First Impressions: Metal Gear Rising: Revengeance

Uh oh. It’s hybrid-spinoff time in the Metal Gear universe. Add one cup Ninja Gaiden, one cup Metal Gear, stir, add loads of Raiden, and you’re left with Metal Gear Rising. And believe it or not, it tastes pretty damn good. Even if there are some empty calories.

Here’s the deal with Rising. If you come in hoping for Ninja Gaiden’s rewarding difficulty and fluid, meticulous combat, you’ll be disappointed. That’s not say the gameplay isn’t fun–I’m having a blast, thanks–but it’s much more button-mashy than what I’ve come to expect from action games. Combat mostly consists of weak and strong sword attacks (the button-mashy parts), but you also have “Blade Mode” which enables you to slow time and slice maniacally at an enemy once you’ve saved up enough “Electrolytes” from battle (bring some Gatorade, kids). Slice up a weakened enemy and you’ll garner his energy core, which will restore your health and set you up for another run through Blade Mode. Blade Mode felt a bit clumsy at first, but soon the gameplay quirk of slicing up enemies and chaining combos uplifted the combat experience above mere hack-n-slash.


Ripping out enemy cores restores your health and lets you chain Blade Mode combos.

If you’re surrendering gameplay depth, at least you get a solid story in return. Rising’s storyline is intriguing from the moment you press Start and the pacing is downright relentless. Although the cast of villains isn’t as memorable or developed as previous terrorist gangs from the series, Rising carries the authentic feel of a Metal Gear game. Despite being of an entirely different genre, it stays true to the franchise. Codec calls, stealth kills, and cardboard boxes all exist on the intricate level we came to expect in MGS1-3. I’d even go as far as saying that Rising is more of a Metal Gear game than MGS4. Seriously.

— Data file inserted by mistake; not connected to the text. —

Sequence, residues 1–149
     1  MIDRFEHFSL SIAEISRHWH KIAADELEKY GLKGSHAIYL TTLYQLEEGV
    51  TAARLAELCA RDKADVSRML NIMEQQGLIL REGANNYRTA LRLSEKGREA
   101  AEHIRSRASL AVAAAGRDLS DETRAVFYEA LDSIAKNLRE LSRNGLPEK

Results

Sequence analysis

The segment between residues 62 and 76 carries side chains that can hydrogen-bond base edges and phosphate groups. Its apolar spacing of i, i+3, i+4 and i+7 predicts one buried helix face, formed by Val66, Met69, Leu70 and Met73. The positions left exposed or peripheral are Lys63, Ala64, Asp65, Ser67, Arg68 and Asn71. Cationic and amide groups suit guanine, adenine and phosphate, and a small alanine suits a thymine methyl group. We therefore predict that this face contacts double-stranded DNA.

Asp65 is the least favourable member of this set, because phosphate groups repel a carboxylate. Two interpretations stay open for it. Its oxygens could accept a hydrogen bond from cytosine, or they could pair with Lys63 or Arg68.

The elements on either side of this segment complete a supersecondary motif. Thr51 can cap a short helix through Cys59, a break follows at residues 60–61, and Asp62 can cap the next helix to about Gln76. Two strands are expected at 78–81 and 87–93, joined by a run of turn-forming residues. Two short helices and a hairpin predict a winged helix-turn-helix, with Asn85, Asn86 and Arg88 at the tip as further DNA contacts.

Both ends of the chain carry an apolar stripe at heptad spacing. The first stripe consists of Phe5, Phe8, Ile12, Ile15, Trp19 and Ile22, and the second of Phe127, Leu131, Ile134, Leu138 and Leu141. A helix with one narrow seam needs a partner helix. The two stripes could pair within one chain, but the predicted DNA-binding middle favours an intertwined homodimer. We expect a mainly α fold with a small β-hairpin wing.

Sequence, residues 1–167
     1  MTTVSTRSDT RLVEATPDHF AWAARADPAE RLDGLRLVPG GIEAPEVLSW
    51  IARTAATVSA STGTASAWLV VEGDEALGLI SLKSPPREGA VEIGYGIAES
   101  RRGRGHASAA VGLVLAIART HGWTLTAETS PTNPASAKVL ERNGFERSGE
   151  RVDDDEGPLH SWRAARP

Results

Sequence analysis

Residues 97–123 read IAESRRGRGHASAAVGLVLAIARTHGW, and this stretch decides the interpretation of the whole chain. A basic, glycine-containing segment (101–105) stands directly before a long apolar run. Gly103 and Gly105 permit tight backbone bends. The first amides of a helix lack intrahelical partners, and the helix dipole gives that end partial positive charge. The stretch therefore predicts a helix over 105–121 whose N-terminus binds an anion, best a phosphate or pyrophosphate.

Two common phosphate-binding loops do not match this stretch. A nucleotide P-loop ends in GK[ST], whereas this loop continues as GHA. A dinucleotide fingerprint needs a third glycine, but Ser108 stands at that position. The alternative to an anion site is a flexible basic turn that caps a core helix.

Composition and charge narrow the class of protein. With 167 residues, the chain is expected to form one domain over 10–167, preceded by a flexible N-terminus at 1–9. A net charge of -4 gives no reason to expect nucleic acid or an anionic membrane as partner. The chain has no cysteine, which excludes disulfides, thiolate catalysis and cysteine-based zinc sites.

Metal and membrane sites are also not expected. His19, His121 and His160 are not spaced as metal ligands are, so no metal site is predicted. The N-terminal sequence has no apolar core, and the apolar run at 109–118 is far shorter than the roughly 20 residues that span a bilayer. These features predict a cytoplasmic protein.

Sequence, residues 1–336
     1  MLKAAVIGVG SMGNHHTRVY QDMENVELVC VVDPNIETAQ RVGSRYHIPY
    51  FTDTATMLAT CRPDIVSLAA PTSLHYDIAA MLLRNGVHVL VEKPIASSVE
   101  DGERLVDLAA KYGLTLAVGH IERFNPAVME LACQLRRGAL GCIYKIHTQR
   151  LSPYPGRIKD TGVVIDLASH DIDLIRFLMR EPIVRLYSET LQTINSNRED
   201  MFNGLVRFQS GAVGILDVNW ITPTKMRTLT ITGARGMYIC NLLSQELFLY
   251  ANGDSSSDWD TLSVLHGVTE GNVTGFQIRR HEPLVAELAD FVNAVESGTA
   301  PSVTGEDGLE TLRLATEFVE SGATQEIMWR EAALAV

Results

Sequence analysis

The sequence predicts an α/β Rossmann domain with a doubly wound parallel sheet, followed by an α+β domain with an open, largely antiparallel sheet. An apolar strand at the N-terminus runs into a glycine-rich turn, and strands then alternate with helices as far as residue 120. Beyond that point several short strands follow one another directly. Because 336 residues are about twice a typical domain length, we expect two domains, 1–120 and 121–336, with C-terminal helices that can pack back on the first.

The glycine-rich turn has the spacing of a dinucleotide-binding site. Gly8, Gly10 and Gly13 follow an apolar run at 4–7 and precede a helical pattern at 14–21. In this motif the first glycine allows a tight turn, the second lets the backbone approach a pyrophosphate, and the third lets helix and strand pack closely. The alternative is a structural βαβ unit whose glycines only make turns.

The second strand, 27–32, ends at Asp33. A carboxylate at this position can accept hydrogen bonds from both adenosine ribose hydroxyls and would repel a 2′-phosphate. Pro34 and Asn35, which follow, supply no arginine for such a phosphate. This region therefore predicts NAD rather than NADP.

As of now I’m roughly seven hours into MGR and loving Hard mode (if you happen to pick this one up, play it on Hard–the game is forgiving with it’s checkpoints). Though I can’t quite recommend it to the Ninja Gaiden crowd, if you’re a Metal Gear buff or a casual action game fan, go out and grab this one.


Sakurai not aiming for complete balance in new Smash Bros.

Smash Bros creator Masahiro Sakurai is slugging through twelve-hour shifts and taking up residence within walking distance from Super Smash Bros. 4’s development studio. He’s playing four-player matches on his lunch and inputting damage rates and hit boxes all by his lonesome. If the latest Smash installment disappoints, it won’t be for lack of effort on its creator’s part.


Sakurai is personally ensuring that all these hits, slashes, and headbutts register.

Polygon covered Sakurai’s most recent interview with Famitsu, in which Sakurai described everything from his daily schedule to the finer points of tweaking character motions. It’s a great read if you have time; if you don’t, consider this one nugget that stuck out:

[…] we have to work to keep things dynamic and not over-fine-tune the balance. If we aim for complete fairness, there won’t be any personality to it.

It’s an interesting take, as fighting game fans everywhere often lust over the idea of a perfectly balanced game. Back in Melee’s glory years, my friends and I itched for a Smash Bros. game where smack-dummies like Bowser could hang with Fox, Marth, and Sheik. Now it seems that not only is perfect balance unattainable, but the series creator himself wants nothing to do with it.